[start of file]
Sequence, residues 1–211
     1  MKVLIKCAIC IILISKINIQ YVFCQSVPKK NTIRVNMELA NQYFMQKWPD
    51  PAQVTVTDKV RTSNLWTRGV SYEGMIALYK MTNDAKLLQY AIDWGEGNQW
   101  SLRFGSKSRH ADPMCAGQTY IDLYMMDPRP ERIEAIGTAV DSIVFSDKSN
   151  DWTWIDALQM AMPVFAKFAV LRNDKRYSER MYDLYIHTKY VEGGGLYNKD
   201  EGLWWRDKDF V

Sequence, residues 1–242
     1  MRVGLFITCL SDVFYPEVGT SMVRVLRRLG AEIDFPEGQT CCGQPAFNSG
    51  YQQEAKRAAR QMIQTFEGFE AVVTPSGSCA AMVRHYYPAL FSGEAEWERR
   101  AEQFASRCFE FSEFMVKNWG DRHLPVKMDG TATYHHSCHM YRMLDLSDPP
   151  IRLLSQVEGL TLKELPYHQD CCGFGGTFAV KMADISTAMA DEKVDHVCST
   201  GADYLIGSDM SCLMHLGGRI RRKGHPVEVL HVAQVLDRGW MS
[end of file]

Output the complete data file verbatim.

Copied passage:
Sequence, residues 1–211
     1  MKVLIKCAIC IILISKINIQ YVFCQSVPKK NTIRVNMELA NQYFMQKWPD
    51  PAQVTVTDKV RTSNLWTRGV SYEGMIALYK MTNDAKLLQY AIDWGEGNQW
   101  SLRFGSKSRH ADPMCAGQTY IDLYMMDPRP ERIEAIGTAV DSIVFSDKSN
   151  DWTWIDALQM AMPVFAKFAV LRNDKRYSER MYDLYIHTKY VEGGGLYNKD
   201  EGLWWRDKDF V

Sequence, residues 1–242
     1  MRVGLFITCL SDVFYPEVGT SMVRVLRRLG AEIDFPEGQT CCGQPAFNSG
    51  YQQEAKRAAR QMIQTFEGFE AVVTPSGSCA AMVRHYYPAL FSGEAEWERR
   101  AEQFASRCFE FSEFMVKNWG DRHLPVKMDG TATYHHSCHM YRMLDLSDPP
   151  IRLLSQVEGL TLKELPYHQD CCGFGGTFAV KMADISTAMA DEKVDHVCST
   201  GADYLIGSDM SCLMHLGGRI RRKGHPVEVL HVAQVLDRGW MS